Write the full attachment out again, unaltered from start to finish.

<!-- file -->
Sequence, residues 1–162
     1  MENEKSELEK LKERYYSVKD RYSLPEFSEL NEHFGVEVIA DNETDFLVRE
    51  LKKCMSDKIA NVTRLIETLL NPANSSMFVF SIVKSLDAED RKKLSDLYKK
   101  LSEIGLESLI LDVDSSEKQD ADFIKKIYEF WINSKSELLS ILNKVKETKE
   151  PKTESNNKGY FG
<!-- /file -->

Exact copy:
Sequence, residues 1–162
     1  MENEKSELEK LKERYYSVKD RYSLPEFSEL NEHFGVEVIA DNETDFLVRE
    51  LKKCMSDKIA NVTRLIETLL NPANSSMFVF SIVKSLDAED RKKLSDLYKK
   101  LSEIGLESLI LDVDSSEKQD ADFIKKIYEF WINSKSELLS ILNKVKETKE
   151  PKTESNNKGY FG